The United States has always been a significant force in the sporting world. Americans have historically excelled in baseball, basketball, football, tennis, track and field, hockey, swimming, and others. However, one thing we as a country have not mastered, particularly in the men’s game, is soccer. The American man has never been smitten by the “beautiful game.”
But oh how the women have figured it out.
The United States Women’s National Team captured their third World Cup title this past Sunday, and first since 1999, by dominating the Japanese squad that beat them in the final of the 2011 Cup. The ’99 final gave us a hero in Brandi Chastain, after her game-winning penalty kick. This World Cup decider gave us Carli Lloyd, who ran roughshod through the Japanese defense, to the tune of three goals in the first 20 minutes. This performance all but guaranteed her the Golden Ball, awarded to the best player in the tournament.
Carli Lloyd is our newest American sports hero. Will her heroics continue to stir up a soccer-fever in the U.S.?
Lloyd’s popularity will soar as a result of her heroics. Seemingly overnight, she has become one of the most marketable athletes in the world, and definitely the most trending. She shone on the brightest stage possible, which also happened to draw record ratings for a soccer game. The United States has become a juggernaut on the women’s side, as we have captured Olympic gold and now have the most World Cup titles of any country.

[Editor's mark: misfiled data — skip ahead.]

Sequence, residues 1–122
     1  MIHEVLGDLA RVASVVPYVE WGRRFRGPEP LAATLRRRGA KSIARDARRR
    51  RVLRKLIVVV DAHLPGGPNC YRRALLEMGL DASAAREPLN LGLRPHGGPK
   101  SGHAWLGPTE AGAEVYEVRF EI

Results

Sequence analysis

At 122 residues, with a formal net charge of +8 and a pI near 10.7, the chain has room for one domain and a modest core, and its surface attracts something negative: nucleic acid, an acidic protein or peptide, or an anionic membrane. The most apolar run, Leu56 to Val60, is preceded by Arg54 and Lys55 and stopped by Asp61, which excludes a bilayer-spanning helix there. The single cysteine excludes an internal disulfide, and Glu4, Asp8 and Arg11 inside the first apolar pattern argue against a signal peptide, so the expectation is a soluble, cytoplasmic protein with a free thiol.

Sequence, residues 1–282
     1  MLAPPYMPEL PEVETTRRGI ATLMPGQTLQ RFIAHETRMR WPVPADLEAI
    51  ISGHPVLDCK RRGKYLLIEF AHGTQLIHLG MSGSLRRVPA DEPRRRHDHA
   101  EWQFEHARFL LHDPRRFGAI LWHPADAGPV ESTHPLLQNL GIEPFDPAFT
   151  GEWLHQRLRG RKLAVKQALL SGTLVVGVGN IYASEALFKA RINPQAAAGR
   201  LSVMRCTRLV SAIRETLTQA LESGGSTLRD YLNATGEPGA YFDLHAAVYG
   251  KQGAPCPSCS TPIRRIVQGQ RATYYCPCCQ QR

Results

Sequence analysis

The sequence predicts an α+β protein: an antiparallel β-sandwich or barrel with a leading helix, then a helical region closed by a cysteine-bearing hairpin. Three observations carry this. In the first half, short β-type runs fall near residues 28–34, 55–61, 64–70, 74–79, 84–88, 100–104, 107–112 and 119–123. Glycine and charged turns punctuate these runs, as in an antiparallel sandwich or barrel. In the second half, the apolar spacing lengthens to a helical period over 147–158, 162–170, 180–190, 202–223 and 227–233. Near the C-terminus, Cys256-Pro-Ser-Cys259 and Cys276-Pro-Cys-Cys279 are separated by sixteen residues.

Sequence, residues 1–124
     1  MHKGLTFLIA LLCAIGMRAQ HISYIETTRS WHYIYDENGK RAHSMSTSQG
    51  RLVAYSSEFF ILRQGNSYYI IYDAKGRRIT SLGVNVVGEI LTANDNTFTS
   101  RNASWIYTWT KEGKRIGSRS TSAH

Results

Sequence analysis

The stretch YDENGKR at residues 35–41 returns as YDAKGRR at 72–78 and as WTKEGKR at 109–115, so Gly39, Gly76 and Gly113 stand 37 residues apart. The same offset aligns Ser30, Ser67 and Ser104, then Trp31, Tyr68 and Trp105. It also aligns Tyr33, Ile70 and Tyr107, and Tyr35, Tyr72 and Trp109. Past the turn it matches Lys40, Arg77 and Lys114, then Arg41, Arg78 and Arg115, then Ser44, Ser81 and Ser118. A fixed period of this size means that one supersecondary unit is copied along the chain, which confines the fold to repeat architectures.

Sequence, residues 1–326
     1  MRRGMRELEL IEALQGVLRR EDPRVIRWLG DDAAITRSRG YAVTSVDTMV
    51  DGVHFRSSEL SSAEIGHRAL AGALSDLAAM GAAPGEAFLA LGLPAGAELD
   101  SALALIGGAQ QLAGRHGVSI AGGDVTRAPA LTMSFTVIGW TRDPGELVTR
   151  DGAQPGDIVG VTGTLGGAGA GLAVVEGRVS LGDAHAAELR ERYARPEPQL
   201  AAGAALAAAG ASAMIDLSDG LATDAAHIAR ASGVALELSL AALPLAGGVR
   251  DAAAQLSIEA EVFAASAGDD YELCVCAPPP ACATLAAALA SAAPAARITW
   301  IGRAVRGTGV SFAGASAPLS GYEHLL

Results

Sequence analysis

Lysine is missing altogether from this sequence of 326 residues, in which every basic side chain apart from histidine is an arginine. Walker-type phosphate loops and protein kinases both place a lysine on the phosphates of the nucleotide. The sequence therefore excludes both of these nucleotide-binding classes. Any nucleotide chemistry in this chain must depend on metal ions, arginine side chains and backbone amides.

The United States has become a juggernaut on the women’s side, as we have captured Olympic gold and now have the most World Cup titles of any country. Perhaps this will lead to more overall American success in the sport.
While the women’s side has dominated international competition, the men’s side has had historically moderate success. The women’s team features some of our country’s best female athletes. Our country’s best male athletes usually play more physical games like football, basketball, etc.
If we can make the sport more marketable to the male population, some of our best will take to the soccer pitch, finally making us a proper footballing nation. Soccer experienced a boom in popularity following the ’99 Cup. When you couple our newest Women’s World Cup title with the encouraging performance on the men’s side in the 2014 Cup, soccer seems primed for an even bigger burst this time around: both in performance and popularity. Let’s hope that the USWNT’s reign will serve as a kickoff for overall soccer dominance in the years to come.